Abiquiu Stories and Tips

La Tierra de los Brujos

A phytosaur - basis of the legend of Vivaron? Photo, Abiquiu, New Mexico


The name of Ghost Ranch comes from a loose translation of Rancho de los Brujos, or Ranch of the Witches. The story behind this supernatural sobriquet says something not only about Ghost Ranch but of the character of the region and the people who lived -- and still live -– there.

From the days of the first Spanish mission at Santa Tomás Apostole de Abiquiu in 1754, Abiquiu had a reputation as a being a region beset by sorcerers (maleficios) and witches (brujos and brujas). Male witches, in particular, were considered especially malevolent. Ominously, the struggling young community was best by a gruesome and mysterious illness, which claimed the lives of Christian and Indian alike. Then harvest after harvest failed, grazing livestock inexplicably died, and young women were possessed by demons and fell writhing to the floor during mass. It seemed the place was accursed.

Franciscan friars responsible for the spiritual guidance of the Genízaros (Indians from various tribes who had been abducted and enslaved to the Spanish or Pueblo Indians who lived willingly alongside the Spanish) wrote to the governor in Santa Fe complaining of the interference of local sorcerers, whose ringleader was one Miguel el Cojo (Michael the lame). Rounding up fifteen Genízaros accused of witchcraft, the authorities demanded that they reveal secrets of their demonic rituals, believing that the persistence of pagan beliefs was responsible for the community’s trouble. Threatened with being burnt at the stake, El Cojo divulged the location of pagan idols, and yet even after these were destroyed the witch-hunt continued.

A search of the surrounding countryside revealed numerous Native American sites, many of great antiquity; all "pagan" symbols such as petroglyphs were eradicated. Still, the Abiqueños whispered that the brujos had not been entirely vanquished. Everyone knew, for example, that they could be seen abroad at night, when they took the shape of tecolotes (owls). The pagan ceremonies, too, were never completely forgotten.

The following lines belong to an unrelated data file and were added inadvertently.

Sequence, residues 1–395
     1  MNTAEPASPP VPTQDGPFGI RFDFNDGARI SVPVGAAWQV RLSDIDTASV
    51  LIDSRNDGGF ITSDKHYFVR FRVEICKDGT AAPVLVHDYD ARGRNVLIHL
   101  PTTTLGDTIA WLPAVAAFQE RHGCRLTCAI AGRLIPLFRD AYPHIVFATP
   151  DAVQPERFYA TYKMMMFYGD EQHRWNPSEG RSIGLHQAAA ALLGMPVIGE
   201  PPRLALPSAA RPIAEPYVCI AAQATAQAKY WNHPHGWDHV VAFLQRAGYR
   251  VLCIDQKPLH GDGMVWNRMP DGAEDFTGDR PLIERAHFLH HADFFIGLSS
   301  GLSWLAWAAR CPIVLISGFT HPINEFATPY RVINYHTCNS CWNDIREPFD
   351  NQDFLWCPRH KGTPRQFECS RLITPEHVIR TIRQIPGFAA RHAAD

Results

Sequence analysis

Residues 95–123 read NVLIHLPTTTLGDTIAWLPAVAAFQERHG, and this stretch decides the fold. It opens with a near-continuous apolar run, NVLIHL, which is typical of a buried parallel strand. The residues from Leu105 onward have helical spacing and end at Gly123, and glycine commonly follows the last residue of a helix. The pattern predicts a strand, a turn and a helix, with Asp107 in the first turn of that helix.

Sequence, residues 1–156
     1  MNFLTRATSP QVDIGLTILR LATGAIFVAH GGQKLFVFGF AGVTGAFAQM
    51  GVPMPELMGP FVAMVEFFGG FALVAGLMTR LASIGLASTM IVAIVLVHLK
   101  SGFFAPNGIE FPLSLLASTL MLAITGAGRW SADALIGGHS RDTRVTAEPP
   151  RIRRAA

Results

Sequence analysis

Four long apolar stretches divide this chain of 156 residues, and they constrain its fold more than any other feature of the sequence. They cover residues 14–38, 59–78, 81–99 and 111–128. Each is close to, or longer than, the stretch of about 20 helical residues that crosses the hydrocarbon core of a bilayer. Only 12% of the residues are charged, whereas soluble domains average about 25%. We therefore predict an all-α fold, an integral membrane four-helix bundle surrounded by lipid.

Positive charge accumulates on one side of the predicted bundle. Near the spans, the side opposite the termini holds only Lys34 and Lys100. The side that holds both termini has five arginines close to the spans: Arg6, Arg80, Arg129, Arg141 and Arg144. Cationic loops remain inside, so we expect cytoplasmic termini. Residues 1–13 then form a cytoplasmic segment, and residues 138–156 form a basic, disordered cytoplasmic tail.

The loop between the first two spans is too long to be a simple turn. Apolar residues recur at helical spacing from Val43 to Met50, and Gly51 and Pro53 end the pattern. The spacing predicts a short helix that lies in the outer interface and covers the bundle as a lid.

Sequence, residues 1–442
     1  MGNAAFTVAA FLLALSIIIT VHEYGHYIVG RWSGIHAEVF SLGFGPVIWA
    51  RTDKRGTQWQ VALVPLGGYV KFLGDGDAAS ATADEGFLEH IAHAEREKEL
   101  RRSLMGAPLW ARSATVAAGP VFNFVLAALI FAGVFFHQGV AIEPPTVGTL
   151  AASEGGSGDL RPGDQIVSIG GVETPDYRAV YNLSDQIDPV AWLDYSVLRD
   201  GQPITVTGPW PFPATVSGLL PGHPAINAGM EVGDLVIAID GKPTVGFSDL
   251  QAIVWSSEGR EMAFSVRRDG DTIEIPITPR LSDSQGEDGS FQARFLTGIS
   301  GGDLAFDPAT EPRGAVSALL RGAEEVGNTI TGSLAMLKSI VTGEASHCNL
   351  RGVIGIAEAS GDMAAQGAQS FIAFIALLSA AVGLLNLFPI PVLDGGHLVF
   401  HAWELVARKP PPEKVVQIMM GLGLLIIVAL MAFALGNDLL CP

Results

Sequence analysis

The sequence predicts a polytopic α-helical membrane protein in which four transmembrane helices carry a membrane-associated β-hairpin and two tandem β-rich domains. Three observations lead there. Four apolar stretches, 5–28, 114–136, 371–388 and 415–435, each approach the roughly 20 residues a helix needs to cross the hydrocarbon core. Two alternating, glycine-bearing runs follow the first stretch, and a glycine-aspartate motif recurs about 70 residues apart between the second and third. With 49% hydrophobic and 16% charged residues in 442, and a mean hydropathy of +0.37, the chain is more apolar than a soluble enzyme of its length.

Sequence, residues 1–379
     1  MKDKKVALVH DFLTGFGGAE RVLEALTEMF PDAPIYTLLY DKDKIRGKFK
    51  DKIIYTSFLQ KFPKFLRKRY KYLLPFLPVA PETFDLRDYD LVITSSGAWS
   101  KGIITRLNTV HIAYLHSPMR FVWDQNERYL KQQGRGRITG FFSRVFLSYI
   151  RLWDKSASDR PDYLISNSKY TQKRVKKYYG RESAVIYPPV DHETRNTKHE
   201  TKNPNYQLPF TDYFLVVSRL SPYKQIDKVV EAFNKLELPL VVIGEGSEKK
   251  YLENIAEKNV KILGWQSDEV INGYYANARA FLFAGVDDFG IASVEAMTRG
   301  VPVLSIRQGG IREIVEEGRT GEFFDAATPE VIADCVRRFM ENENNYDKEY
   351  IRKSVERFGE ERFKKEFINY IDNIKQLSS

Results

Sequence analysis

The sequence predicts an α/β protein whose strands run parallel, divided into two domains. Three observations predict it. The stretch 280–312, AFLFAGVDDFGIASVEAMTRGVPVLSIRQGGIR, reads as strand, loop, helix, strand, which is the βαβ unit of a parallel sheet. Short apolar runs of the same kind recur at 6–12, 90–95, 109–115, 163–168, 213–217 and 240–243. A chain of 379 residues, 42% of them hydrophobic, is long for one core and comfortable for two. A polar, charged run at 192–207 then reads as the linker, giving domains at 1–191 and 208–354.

In the 1860’s, in the canyons of the vast Piedra Lumbre north of Abiquiu, shepherds circulated stories of ghosts who haunted the desolate area. They refused to take sheep into one narrow canyon in the northeast in particular, as they claimed that at night white ghosts sailed up the cliffs walls emitting the moans of the damned. There were stories, too, of a great snake that slithered from the base of the red cliffs at sundown to search for its favorite prey –- young children.

It was here, near the base of these cliffs, that two brothers built a homestead in the late 19th century. The narrow canyon provided an ideal holding pen for cattle, but soon rumors spread that the Archuleta brothers were not ranchers but rustlers who used the remote canyon as the base of their illegal activities. Even worse, it was said that the brothers invited unsuspecting travelers to stay at their ranch then murdered them in their sleep, appropriating their possessions before burying the bodies in the red hills behind their homestead. People in the area began calling their ranch Rancho de los Brujos, and it was said that the ghosts of the Archuleta brothers’ victims haunted the place.

Like all good tales involving evildoers, the story of the Archuleta brothers ends in greed resulting in self-destruction. The younger brother went to a cattle sale Santa Fe, returning with a sack of gold which he then hid from his older brother. When the younger brother would not divulge where he’d buried the money, his brother killed him in a fit of rage. The murderer then turned on his brother''s widow, threatening that if she did not reveal where the gold was hidden that he would feed her daughter to Vivaron, the great snake said to lurk among the cliffs of the Piedra Lumbre. The terrified widow managed to escape with her daughter in the night, seeking refuge with relatives in Santa Fe.

Decades passed before the daughter dared return to search for her father’s buried treasure, but she found nothing. However, she recounted the legend of Vivaron to Arthur Pack, the wealthy easterner who had purchased the ranch and established a dude ranch there. Pack naturally dismissed the tale as a myth. Not long after, however, an amazing cache of dinosaur remains was found at Ghost Ranch, including the exposed skeleton of a phytosaur at the base of a cliff, thirty feet long and resembling nothing so much as a giant serpent.

It’s easy to dismiss these tales of witches, giant snakes, and buried treasure as mere tales of the superstitious. And yet, as I hiked along a rugged path winding through the painted hills of Ghost Ranch, it struck me that I, too, would not want to be caught wandering alone near the base of the towering cliffs after sundown.

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